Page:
This week, Federal Judge Timothy Black ruled that Ohio must recognize the marriages of same-sex couples who are legally married in other states.

The decision does not require Ohio to issue marriage licenses to same-sex couples.  It only requires Ohio to recognize marriages performed in other states.

Watch ACLU of Ohio Senior Staff Attorney and Litigation Coordinator Drew Dennis debate this ruling on WKYC.

The lawsuit that led to this decision involves four LGBT couples, three of whom are expecting a child in the next two months and want to list both parents’ names on their child’s birth certificate.

Here are some of the key legal principals addressed in Judge Black’s historic decision:

The Right to Marry

The freedom to marry has widely been held to be a fundamental right protected by the Due Process Clause of the United States Constitution. This right was reinforced with the Loving decision in 1967, which ruled that a ban on interracial marriages was unconstitutional.

Over forty years later, people are still being denied the right to marry.

In Judge Black’s decision, he finds that marriage of same-sex couples is a right protected by the Supreme Court based on past marriage decisions. Once this fundamental right is recognized, it cannot be denied to a particular group simply because that group has been historically denied that right.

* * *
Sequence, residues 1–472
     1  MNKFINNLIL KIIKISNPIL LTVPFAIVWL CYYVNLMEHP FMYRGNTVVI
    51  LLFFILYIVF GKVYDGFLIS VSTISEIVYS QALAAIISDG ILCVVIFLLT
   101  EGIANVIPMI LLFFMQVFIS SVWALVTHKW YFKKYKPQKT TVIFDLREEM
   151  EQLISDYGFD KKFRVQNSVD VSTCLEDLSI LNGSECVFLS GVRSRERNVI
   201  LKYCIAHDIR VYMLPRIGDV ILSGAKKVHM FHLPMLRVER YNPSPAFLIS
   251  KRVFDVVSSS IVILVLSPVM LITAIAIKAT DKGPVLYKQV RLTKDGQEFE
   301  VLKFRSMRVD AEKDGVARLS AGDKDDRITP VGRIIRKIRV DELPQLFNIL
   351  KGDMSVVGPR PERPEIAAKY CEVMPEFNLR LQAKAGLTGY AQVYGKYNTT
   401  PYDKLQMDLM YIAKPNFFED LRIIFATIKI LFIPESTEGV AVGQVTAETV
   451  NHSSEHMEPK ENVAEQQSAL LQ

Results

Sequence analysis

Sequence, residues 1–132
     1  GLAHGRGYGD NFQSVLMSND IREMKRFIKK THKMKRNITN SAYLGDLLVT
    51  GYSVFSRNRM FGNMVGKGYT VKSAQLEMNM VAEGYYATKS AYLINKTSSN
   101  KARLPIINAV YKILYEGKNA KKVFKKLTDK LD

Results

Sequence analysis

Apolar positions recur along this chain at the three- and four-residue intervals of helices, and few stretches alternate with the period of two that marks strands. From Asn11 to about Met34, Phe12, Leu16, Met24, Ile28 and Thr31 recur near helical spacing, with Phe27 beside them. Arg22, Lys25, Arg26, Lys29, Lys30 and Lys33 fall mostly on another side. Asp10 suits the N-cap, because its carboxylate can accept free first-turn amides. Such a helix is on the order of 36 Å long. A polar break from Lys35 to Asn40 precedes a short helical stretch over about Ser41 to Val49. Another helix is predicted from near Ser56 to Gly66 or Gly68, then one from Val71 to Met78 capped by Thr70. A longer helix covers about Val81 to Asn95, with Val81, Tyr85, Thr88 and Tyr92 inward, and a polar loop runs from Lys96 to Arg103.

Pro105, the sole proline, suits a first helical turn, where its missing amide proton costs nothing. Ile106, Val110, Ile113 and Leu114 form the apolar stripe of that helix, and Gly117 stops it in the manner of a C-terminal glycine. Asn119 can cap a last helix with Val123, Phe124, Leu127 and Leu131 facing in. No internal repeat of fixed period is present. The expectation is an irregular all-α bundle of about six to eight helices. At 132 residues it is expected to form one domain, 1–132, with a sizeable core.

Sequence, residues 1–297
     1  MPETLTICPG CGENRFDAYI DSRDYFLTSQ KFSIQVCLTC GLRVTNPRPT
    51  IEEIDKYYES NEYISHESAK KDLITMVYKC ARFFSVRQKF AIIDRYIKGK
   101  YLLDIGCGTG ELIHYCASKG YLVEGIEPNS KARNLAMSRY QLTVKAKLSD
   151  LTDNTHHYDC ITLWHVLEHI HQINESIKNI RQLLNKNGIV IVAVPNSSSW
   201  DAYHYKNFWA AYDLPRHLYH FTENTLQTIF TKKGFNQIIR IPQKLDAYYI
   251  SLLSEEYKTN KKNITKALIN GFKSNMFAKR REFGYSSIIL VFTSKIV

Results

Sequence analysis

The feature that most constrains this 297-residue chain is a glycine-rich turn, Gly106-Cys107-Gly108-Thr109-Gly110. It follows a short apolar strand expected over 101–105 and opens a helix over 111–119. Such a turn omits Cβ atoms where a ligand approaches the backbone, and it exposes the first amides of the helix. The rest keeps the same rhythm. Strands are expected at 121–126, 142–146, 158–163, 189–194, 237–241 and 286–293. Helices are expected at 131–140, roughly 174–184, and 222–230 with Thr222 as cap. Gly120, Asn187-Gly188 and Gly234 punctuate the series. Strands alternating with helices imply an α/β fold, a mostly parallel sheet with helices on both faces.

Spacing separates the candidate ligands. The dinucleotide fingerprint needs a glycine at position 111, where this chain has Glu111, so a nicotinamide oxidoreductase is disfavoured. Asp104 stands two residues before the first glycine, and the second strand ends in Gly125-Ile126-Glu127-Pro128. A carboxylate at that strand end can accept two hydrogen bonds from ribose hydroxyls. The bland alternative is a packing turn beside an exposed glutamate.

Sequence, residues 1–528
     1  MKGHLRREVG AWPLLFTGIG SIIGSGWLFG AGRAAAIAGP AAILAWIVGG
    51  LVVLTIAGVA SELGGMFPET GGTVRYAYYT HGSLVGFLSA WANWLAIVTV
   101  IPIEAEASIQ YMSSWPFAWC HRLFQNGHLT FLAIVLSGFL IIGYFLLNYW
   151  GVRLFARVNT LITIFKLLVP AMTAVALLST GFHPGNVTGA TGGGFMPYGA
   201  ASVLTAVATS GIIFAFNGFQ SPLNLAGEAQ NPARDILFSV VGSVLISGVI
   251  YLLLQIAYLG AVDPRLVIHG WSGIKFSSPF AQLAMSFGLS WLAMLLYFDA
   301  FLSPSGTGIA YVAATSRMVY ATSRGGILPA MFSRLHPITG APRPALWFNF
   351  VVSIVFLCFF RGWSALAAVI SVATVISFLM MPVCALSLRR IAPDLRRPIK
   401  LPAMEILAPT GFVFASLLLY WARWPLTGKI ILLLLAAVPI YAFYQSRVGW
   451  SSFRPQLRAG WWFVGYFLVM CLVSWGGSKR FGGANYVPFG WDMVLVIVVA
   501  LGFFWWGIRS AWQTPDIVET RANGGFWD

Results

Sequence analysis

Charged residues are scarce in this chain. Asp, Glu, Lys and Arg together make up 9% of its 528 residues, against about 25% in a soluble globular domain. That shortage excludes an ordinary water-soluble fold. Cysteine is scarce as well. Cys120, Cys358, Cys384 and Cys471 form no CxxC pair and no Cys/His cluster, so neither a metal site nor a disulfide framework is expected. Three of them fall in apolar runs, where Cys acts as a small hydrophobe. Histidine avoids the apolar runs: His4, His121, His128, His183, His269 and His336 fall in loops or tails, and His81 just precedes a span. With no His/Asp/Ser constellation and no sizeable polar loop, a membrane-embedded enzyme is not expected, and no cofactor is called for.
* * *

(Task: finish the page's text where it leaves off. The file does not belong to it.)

In Ohio’s case, voters denied this right with a vote in 2004 to ban marriage and anything that resembles marriage of same-sex couples.

Judge Black reaffirms that “the fundamental right to marry is available even to those who have not traditionally been eligible to exercise that right.”

Marriage Recognition from State to State

The Supreme Court of the United States recently held that when a state denies the marriage of a same-sex couple who wed in another state, it intrudes into the realm of private marital, family, and intimate relations. Such a refusal demeans a couple whose moral and sexual choices are protected by the Constitution.

Parenting Rights

Parents have fundamental legal rights in the care and control of their children. When a parent is left off a child’s birth certificate this burdens those fundamental rights. As Judge Black points out, “[o]btaining a birth certificate that accurately identifies both parents of a child . . . is vitally important for multiple reasons.” “Identification on the child’s birth certificate is the basic currency by which parents can freely exercise these protected parental rights and responsibilities.”

Popular Belief vs. The Rule of Law

The state of Ohio is relying heavily on the argument that the will of Ohio voters should stand. However, Judge Black reminds us that “unconstitutional laws cannot stand, even when passed by popular vote.”

This means that the will of the people, which is actually beginning to lean toward marriage equality, cannot be used to deny a Constitutional right.

Judge Black’s decision is currently on hold pending appeal. Ultimately, many believe this case will be decided by a higher court, perhaps even the Supreme Court of the United States.